Eight U.S. Senators recently introduced a bill that seeks to increase the fuel economy standards for passenger cars and light trucks. Called the Fuel Economy Reform Act, the legislation would raise standards by 4 percent each year starting after model year 2009. Standards have not been raised for passenger cars since 1985, and this bill could reduce the country’s gasoline consumption by nearly half a trillion gallons by 2028, according to Illinois Senator Barack Obama, one of the bill’s sponsors.
“It is clear that the Achilles’ heel of the most powerful country on earth is the oil we import and cannot live without,” Obama said.
The Fuel Economy Reform Act would require the National Highway Transportation Safety Administration (NHTSA) to implement regular annual increases in fuel economy, amounting to approximately a 1-mile-per-gallon increase per year. The revised standards would be based on characteristics such as the vehicle’s size and weight. It is estimated that passenger vehicles and light trucks account for more than 60 percent of the oil used in the transportation sector.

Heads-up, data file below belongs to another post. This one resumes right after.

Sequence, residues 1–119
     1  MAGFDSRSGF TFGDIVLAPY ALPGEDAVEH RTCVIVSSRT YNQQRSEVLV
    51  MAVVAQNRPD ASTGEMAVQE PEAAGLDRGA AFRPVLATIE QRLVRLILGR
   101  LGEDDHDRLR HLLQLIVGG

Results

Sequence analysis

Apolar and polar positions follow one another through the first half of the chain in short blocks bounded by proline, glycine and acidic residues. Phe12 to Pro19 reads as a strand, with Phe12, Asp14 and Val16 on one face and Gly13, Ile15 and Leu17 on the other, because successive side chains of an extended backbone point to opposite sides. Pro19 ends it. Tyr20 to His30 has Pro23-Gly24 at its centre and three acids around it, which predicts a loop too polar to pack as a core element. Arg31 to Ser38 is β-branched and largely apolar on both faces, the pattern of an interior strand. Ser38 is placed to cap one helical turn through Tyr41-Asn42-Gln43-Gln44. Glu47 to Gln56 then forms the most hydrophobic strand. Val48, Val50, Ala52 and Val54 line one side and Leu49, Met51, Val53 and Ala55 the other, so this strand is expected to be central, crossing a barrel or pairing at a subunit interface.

Manufacturer efforts to develop more fuel-efficient vehicles will be aided by the bill, which provides tax incentives for the automakers to adapt their parts and assembly plants. Many see the increase in fuel economy standards, and thus the increase in production of fuel-efficient vehicles, as advantageous to domestic automobile manufacturers because they would have the opportunity to more aggressively compete with foreign-produced hybrids, flex-fuel vehicles, and fuel-efficient vehicles.
“We need to act now if we want to prevent an even greater energy crisis in the future,” said Obama. “This bipartisan, common-sense approach will finally harness the technology we already have to save Americans money at the pump and save America from a dependence on the world’s most unstable, undemocratic regimes.”